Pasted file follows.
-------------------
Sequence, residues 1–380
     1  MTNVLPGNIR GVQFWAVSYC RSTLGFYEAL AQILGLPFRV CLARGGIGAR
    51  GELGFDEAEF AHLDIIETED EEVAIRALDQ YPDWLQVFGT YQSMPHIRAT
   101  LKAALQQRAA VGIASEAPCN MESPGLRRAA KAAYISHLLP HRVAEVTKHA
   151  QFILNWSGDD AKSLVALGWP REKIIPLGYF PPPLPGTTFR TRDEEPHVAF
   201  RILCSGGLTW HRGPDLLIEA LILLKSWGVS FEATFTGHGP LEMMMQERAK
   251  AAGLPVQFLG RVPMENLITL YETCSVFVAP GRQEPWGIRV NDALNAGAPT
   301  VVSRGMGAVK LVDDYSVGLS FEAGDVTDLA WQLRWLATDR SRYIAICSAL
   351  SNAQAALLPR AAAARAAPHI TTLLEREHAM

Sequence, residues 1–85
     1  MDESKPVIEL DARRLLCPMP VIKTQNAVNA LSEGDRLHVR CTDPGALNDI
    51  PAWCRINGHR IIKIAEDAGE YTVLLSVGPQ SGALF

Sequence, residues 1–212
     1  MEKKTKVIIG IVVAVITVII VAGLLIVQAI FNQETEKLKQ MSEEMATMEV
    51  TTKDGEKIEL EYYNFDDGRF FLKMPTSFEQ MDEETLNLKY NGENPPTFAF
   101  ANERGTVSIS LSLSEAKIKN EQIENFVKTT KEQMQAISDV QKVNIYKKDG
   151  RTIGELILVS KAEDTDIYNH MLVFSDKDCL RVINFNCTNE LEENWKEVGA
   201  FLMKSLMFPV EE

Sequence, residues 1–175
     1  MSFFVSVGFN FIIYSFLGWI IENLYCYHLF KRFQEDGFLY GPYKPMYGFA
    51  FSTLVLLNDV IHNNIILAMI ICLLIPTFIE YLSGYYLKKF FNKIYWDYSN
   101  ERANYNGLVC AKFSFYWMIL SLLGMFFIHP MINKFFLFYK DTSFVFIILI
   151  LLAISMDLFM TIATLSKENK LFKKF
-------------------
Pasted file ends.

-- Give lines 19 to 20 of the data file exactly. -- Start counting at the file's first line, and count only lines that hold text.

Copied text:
Sequence, residues 1–175
     1  MSFFVSVGFN FIIYSFLGWI IENLYCYHLF KRFQEDGFLY GPYKPMYGFA